And so Little Woody week has arrived. I’ve done my last long ride, my last long off-road run. I’ve even been to the swimming pool! And yesterday:
As I might possibly have mentioned, you know, once or twice😉 I became an Auntie for the first time on Friday. My sister lives in Kent, where we grew up, but I live a couple of hours’ drive away now. Therefore, when I got the call that my nephew was on his way, I packed the car knowing I wouldn’t be back for a few days. Babies being babies, I had no idea how long he’d take to arrive or how long I’d be needed for. (As it turns out, I was right to pack for longer than expected!) But I did know that I was going to be away, and running on a very odd schedule, during my last key training week for the Little Woody.
So what did I do? Write off a week of training? No fear. Give myself a few days off, then promise to cram all the training in when I got back? Erm, no.
I put swim, bike and run kit in the car, along with a coolbag full of necessary eats and drinks, and printed out my training schedule.
And, you know what? Being at my Dad’s for a long weekend, spending lots of time with my sister and nephew at the hospital, and keeping highly questionable hours made for some great R&R. Not rest and relaxation, silly. Running (and riding) and reminiscing.
I didn’t stick to my training plan 100%, I’ll admit. Friday’s morning swim made way for…well, for my nephew actually being born and for me getting to see him at just an hour old. But I got Friday’s evening run in, and it was a good ‘un: high on adrenalin and endorphins, I tackled the Road of Remembrance in Folkestone (it’s a hill) at a good pace. That’s how Aunties roll, you see😉
Saturday’s long ride made way for a run, because it was pouring with rain. But it turned into one of the nicest runs I’ve done all year.
I ran from Wye (near the hospital) through beautiful little villages to a village called Stowting where I lived with my sister when we were kids. Then I ran back to Wye, using the North Downs Way byways and paths along which I used to ride my little fat horse when I was younger. Nostalgic doesn’t even begin to describe it.
Sunday was blowing a gale, but I absolutely had to get my 3-hour ride (and short brick) in, so I set off from my Dad’s negotiating some hairy dual carriageway before heading into the Kent countryside and following my nose, led mostly by memories of horse-riding, relative-visiting and pub-lunching of yesteryear. I only got lost once. Hilariously, I ended up popping out at a T-junction, looking around to see where I was and realising I was about 100 yards from the hospital. My nephew must be magnetic ;)!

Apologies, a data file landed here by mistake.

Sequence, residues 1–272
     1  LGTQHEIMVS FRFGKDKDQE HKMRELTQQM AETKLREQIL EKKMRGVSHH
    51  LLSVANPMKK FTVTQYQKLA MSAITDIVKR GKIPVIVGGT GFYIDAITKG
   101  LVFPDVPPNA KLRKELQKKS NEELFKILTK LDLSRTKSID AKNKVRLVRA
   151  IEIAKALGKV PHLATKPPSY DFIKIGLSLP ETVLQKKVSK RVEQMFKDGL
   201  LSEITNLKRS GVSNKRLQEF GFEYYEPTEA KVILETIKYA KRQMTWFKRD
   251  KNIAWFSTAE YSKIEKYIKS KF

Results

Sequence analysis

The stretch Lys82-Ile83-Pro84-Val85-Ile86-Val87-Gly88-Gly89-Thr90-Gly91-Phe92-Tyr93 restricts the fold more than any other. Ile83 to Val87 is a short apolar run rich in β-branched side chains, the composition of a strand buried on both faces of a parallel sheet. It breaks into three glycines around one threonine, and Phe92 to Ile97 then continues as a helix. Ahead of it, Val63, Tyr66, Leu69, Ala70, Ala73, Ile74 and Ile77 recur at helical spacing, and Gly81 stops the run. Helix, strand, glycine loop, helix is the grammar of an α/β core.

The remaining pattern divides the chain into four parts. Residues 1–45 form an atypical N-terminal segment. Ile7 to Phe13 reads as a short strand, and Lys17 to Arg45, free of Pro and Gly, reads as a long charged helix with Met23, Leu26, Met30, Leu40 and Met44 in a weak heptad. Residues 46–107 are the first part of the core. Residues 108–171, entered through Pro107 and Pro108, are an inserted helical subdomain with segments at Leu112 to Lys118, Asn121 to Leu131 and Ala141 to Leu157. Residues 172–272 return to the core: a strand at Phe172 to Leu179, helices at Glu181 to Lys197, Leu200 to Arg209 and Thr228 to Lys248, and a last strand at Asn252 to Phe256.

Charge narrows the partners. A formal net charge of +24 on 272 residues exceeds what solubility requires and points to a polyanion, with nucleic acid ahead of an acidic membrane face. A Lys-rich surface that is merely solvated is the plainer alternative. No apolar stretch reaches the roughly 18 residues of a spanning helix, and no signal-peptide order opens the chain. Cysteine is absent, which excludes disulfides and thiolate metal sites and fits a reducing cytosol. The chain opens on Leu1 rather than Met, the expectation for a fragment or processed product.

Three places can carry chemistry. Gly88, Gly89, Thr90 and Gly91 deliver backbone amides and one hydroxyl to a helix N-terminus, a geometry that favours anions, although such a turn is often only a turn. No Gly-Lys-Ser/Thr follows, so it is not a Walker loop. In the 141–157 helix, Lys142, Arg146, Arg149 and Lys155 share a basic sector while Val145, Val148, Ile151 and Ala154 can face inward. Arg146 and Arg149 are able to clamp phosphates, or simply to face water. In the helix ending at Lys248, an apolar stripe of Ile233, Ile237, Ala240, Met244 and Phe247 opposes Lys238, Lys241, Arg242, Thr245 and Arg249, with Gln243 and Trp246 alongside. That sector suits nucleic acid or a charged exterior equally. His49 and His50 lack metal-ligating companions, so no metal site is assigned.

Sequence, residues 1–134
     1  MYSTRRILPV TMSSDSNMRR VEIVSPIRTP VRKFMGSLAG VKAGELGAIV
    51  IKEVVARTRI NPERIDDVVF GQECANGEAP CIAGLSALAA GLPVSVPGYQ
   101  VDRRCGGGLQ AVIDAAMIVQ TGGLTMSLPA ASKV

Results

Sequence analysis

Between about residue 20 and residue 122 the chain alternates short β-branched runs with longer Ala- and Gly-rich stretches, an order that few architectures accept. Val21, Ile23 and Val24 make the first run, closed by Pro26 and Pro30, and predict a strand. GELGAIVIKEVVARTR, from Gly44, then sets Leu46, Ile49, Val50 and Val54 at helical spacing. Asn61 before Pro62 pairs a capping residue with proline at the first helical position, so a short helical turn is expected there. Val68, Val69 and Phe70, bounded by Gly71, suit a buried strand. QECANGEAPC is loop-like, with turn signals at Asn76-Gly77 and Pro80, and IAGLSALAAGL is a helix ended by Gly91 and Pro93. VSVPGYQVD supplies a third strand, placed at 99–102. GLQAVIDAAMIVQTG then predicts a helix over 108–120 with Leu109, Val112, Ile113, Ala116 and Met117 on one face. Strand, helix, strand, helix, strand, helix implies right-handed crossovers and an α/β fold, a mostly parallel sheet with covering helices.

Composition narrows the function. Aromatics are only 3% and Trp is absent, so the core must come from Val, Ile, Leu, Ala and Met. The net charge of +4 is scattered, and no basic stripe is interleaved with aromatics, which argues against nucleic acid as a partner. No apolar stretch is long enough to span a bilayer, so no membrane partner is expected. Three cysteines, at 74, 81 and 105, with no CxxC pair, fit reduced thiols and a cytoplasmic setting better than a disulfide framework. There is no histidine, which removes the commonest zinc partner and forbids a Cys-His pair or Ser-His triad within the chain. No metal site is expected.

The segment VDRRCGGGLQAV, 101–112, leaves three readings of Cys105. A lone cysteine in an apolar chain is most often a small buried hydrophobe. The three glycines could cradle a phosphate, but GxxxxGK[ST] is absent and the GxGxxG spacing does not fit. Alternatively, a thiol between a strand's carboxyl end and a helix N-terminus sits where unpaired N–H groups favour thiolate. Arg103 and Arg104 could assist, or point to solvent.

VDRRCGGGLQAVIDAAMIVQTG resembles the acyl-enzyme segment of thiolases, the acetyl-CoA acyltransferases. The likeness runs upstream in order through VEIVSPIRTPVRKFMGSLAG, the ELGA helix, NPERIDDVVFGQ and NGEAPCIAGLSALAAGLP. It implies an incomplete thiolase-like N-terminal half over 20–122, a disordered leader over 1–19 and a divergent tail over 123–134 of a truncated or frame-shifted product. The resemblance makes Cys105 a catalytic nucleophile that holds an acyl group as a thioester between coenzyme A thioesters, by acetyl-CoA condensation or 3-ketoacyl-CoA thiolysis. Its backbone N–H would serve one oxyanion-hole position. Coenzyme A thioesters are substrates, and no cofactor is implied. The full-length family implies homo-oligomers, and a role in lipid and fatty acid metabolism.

I missed another swim because I wanted to see my “oldest friend in the world” (we’ve known each other for 30 years…!) and meet her baby. I think that’s a good enough excuse. But, all in all, I don’t think I did too badly. I did all the key training sessions over a long weekend at the peak of my training plan.
Just setting a good example for the kids. I’m an Auntie now, after all😉
How to stick to your training plan when you’re out of your routine:
- pack everything you think you might need. You don’t know how long you’ll be away for
- don’t forget things like bottles of sports drink/powder, and a multi-tool
- don’t leave one set of kit (swim/bike/run) at home. You’ll kick yourself if you find a great local pool or gorgeous run route
- even if you’ve only got 30 minutes, you can still get some valuable training in
- use the time away to explore new (or old) routes, rediscover places you’ve forgotten, and see some new sights
- see it as a challenge – my bike ride was windy, I knew the roads would be busy, and I had no idea where to go. All the more reason to feel dead chuffed once I’d actually done it
- make it social. I had every intention of persuading my Dad to come swimming with me, had I actually made it to the pool!
PS I didn’t take any pictures, so I googled for images to illustrate this post. I found this lovely blog post about the bit of the NDW I ran on Saturday – the images are from there. Thank you, blogger!
And the Little Woody looms closer. It’s a half-Ironman/middle distance triathlon in the Forest of Dean and I can’t remember when (or why) I signed up to it, but it’s now only a few weeks away. I’ve done a half-Ironman distance triathlon before, so it’s not a first, but I would like to get a better result than at the Vitruvian in 2005. Although, of course, it’s impossible to compare different races.
Little Woody is a 1900m lake swim, 98km bike and 21km (aka half-marathon) run. The bike is renowned for being somewhat hilly, and the run is a mixture of trails, paths and other surfaces. Good-oh!
I’ve been quietly freaking out about the bike course, despite making great improvements in my bike confidence and performance this year. (You can read some of my sportive reports here, here and here). So, this weekend, whilst we were visiting my inlaws in Wiltshire, we decided to drive over to the Forest of Dean and ride the Little Woody bike course.